Field Spectroradiometer Characterization of Solar-Induced Fluorescence to Monitor Plant Health, Estimate Carbon Flux, and Application as Ground-Truth Data

Thursday, 18 December 2014
Trina Merrick1, Ralf Bennartz1,2 and John Rausch2, (1)Vanderbilt University, Nashville, TN, United States, (2)University of Wisconsin Madison, Madison, WI, United States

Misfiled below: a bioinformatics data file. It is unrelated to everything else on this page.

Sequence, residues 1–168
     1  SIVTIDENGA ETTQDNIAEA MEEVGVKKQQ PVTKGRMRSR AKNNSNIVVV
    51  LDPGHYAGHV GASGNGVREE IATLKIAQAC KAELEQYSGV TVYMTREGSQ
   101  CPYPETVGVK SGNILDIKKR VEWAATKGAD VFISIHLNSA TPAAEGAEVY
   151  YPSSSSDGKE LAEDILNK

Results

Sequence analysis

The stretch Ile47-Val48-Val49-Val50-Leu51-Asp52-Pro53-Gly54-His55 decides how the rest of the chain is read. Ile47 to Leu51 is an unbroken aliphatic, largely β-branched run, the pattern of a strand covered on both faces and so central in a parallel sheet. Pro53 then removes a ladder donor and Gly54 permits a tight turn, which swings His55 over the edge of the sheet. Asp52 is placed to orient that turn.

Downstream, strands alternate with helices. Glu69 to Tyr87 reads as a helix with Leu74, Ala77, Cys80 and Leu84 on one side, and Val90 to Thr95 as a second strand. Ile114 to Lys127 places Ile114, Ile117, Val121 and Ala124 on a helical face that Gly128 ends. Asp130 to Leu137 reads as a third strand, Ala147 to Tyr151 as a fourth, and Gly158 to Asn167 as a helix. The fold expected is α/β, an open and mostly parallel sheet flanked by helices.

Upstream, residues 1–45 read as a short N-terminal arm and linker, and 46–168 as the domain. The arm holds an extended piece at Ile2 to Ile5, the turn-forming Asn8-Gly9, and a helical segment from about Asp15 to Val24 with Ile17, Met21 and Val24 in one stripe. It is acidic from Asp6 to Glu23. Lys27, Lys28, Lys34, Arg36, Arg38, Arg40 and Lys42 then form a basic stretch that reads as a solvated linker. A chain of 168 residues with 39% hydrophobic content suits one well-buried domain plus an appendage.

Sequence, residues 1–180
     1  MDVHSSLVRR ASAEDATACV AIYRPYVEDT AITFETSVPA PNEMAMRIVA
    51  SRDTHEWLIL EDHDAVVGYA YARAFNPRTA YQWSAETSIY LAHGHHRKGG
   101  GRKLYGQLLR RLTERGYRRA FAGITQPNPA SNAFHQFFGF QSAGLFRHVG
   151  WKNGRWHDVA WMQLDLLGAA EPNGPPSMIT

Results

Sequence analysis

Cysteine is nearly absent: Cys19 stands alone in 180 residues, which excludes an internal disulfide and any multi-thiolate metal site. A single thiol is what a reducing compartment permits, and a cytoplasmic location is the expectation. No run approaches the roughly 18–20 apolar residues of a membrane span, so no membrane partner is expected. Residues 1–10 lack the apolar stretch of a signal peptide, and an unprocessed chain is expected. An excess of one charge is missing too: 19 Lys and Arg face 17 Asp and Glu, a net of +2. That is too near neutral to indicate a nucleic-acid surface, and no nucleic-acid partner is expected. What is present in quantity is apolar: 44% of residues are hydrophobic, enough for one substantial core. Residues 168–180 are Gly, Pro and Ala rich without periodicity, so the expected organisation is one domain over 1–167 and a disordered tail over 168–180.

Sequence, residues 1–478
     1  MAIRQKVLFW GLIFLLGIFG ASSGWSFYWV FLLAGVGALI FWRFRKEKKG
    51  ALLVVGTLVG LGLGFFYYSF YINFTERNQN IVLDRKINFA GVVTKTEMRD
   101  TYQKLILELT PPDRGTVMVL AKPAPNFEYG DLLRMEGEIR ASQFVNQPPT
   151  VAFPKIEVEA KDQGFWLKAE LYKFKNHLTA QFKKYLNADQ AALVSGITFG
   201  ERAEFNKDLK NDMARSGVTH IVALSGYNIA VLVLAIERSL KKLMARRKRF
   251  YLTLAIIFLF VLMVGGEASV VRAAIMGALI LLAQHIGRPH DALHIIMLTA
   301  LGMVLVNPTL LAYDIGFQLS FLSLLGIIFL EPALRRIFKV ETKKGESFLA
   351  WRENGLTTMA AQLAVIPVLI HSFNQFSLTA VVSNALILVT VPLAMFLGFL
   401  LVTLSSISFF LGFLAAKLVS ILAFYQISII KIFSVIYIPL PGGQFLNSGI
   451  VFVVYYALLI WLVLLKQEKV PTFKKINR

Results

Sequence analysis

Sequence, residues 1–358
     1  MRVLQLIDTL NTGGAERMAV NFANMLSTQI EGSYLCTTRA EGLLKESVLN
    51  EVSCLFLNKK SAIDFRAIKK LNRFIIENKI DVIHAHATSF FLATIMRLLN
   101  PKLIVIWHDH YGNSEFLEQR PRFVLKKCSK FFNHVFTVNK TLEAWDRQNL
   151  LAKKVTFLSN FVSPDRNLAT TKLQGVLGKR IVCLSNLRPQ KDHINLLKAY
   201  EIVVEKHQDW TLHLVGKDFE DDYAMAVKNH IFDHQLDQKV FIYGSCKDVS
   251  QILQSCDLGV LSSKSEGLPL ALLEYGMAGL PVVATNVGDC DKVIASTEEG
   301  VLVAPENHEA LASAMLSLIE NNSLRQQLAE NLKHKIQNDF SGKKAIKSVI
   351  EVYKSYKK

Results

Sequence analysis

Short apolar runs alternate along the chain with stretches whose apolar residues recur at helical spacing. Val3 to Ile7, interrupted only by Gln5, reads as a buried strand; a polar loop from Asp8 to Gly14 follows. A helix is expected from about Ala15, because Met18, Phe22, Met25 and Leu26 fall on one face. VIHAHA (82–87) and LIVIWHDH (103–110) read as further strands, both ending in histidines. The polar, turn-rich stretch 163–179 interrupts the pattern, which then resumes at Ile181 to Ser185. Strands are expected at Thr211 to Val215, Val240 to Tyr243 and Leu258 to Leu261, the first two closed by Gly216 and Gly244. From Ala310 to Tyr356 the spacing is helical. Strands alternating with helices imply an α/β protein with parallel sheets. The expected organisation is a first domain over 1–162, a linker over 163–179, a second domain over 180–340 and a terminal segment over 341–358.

Solar-Induced Fluorescence (SIF) has been demonstrated to be an indicator of plant photosynthetic functioning and is proportional carbon uptake. Other indices, such as the Normalized Difference Vegetation Index (NDVI) and the Photochemical Reflectance Index (PRI) are also commonly used to monitor plant activity using remote sensing techniques. Determining the best indices for plant health, calculating carbon fixation efficiently and economically, and developing reliable ground truthing methods for satellite data will allow monitoring and comparison of regional scale carbon fluxes. In this study, spectral measurements made with a passive field spectroradiometer were used to record spectral radiances from a selection of plants in the laboratory and field. SIF is less complicated to extract under limited wavelength illumination in the laboratory. These were used to validate the Fraunhofer Line Depth Method (FLD) applied to field measurements under solar illumination. SIF, NDVI, and PRI were calculated from the spectral measurements to determine functioning of the plants and to estimate carbon fixation under both normal and water stress conditions. Previous literature and preliminary findings suggest SIF is an earlier indicator of stress and clearer estimator of carbon uptake than NDVI or PRI. Therefore, SIF is a potential monitoring index for photosynthetic activity and its retrieval with this instrument and process is desirable. We will report on the comparison of laboratory and field estimates of SIF, the evaluation of plant health indices, and the changes in SIF with stress. Given strong evidence that obtaining accurate carbon flux information via this remote sensing process is possible, this retrieval method could be reliably utilized as ground truth data for OCO2 and OCO3. In the near future, ground spectral data such as these can be combined with OCO2 data for regional monitoring and comparisons of carbon fixation, advancing carbon flux calculations and carbon-climate connections.